Big Fashion Fights Beijing's Big Markets

This entry discusses the battle between major fashion designers and Beijing markets over the protection of trademarks.

Listen to this Article:

Windows Media Player文件

Suscribe to China Law Update on iTunes and get more free audio news.

Read this Article:
Round One: The Big 5 vs. Xiu Shui Market.

Seems to me that there are two different kinds of people that criticize China. One criticizes its human rights violations (i.e. death penalty, lack of free media, etc.) The second type of person attacks how the Chinese run their economy (currency exchange, trade deficits, piracy, etc.) Working at a law fim and reporting on changes in Chinese law, these are the two types of topics that encounter. Within those two categories, I find the death penalty and intellectual property the most interesting (I know, call me morbid smile.gif.) And, as a result, they are the topics that consistently end up here. Specifically, intellectual property and the death penalty interest me. So here’s some news about the war the major fashion industries are waging on Chinese. (Let’s hope I don’t end up as an Intellectual Property lawyer. J)

In the first round, five big fashion names, Chanel, Prada, Burburry, Luis Vuitton, and Gucci sued one of Beijing’s largest tourist markets, the Silk Street Market (Xiu Shui) and won. The complaint was that Xiu Shui was allowing their vendors to sell black-market copies of their trademarked products. If you have never been to one of these markets, they consist of well over a hundred individual stalls selling everything from souvenirs and shoes to iPods and pearls. In my opinion, if anything in that store has a brand name on it, it is a fake. Anyone with a pair of eyes can tell you that Xiu Shui if full of black market products.

Images from

So the big 5, as I like to call them, won the case against the management ofXiu Shui, who claimed that they had done what they could and the individualstall owners were the ones at fault. But the point of the case against Xiu Shui was to make managers of these large stores responsible for what is sold in their market, as it is much easier to target the one building than the hundreds of individual sellers. Though the fashion companies won the case, they only ended up receiving only 20,000 yuan in damages (roughly $2,500 US). I doubt that covered court costs.

But the point was made, Xiu Shui market is responsible for what is sold within their walls. How far has this case gone to actually protecting the trademarks of these big companies? Not that far. Sure, some stalls will display only Chinese brand names now, but if you ask for it, they will produce Gucci for you faster than a magician pulls a rabbit out of a hat. Fashion designers and other companies around the world keep trying to figure out how to enter and make profit in a country that does not protect their trademarks and other intellectual property with anything near Western standards.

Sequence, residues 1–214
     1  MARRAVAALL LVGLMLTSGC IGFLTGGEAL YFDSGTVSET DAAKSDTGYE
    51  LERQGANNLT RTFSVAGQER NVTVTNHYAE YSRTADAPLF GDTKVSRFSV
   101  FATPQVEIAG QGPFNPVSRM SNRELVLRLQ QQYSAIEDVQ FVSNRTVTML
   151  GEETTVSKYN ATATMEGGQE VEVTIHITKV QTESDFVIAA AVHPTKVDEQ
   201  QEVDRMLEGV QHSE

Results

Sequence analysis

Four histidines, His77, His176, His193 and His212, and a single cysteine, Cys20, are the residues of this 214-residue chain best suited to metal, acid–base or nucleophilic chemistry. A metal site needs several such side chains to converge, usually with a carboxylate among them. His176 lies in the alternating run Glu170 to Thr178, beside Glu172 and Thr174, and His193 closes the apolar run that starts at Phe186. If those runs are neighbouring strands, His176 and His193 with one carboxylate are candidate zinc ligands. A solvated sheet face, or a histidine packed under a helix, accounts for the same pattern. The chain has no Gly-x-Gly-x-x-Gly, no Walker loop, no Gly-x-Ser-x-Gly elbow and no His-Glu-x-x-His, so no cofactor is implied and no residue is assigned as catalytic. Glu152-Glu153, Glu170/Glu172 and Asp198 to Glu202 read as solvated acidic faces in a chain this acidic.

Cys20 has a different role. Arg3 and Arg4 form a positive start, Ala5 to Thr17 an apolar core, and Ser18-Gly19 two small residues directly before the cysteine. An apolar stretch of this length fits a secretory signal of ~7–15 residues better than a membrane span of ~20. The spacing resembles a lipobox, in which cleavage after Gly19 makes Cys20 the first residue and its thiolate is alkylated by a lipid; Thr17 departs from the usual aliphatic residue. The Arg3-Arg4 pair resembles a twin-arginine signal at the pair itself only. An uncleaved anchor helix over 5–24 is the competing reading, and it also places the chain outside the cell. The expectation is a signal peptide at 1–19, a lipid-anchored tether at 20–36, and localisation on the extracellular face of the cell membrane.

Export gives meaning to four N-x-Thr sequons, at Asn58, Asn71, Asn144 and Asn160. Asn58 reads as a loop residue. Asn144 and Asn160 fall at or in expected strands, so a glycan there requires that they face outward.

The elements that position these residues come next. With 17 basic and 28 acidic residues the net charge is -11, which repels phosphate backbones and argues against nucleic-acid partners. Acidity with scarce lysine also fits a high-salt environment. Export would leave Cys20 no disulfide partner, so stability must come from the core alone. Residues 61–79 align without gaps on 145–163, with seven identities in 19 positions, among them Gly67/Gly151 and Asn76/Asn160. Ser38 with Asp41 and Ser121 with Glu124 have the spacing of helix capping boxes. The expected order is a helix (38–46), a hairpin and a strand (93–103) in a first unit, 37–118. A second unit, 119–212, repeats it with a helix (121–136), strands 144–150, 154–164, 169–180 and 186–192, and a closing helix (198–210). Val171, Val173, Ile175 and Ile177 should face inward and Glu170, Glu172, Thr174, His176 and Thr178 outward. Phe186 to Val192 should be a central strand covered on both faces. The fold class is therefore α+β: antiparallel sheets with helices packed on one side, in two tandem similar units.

I think bringing the owners of tourist malls in line is a very good first step. The majority of shopping is done in these markets. I mean, how likely is the average tourist to follow the allure of black market goods into a dark alley? People want to shop in a clean, safe environment and that is why markets like Xiu Shui are so popular. Taking on the owners of the big tourist stores will slow a lot of black-market sales. And even many of the unruly outdoor markets have landlords who can be sued.

But a $2,500 fine is not a big deal to Xiu Shui’s managers. I can’t see it being a punishment that causes enforcement of policy. My question is, if it is obvious that Xiu Shui’s sellers are marketing illegal goods, then why dont the Chinese courts inflict a fine that will actually change things? (The Big 5 originally asked for $310,000.) The only answer I can see is that Chinese policy makers don’t want to get rid of black-market goods that quickly. They are willing to make a statement—it is wrong to allow individual operators to sell illegal products in your store—but they aren’t willing to clamp down and effectively stop it. Personally, I don’t see the benefit that black-market goods bring to China. I really can’t tell you why they want to protect the market. It is just a bad idea. The WTO is breathing down their necks and creating Chinese brands would help them much more in the long run. Also, as I have stated elsewhere, failing to protect intellectual property hurts Chinese innovation.

On to the second round: Luis Vuitton vs. ChaoWai Men’s Dept. Store

This time Luis goes solo against another big Beijing bad boy. And the result: another win for the protection of trademarks. Again, the Chinese courts penalized the management of a Chinese market for allowing the individual operators within their store to sell illegal goods. This time the fine reached 150,000 Yuan or roughly $18,500. That’s over a 700% improvement. It’s still not the $135,000 that Vuitton claimed, but it is a bigger fine—one that is more likely to take effect.

I have no doubt that there will be a round three, four, five, and more. Trademark holders will continue to fight to protect themselves. Happily, it seems that China is more and more willing to support the cause. Eventually the Chinese government will start to make it too painful to sell fake goods in those nice, clean and safe markets, pushing illegal goods further and further underground. That’s not bad, considering that’s about all you can expect in America or Europe these days, anyway.

Tomorrow I will post on updates in franchising in China.

News sources:

People’s Daily:


Submit Comment


Resident Blawgers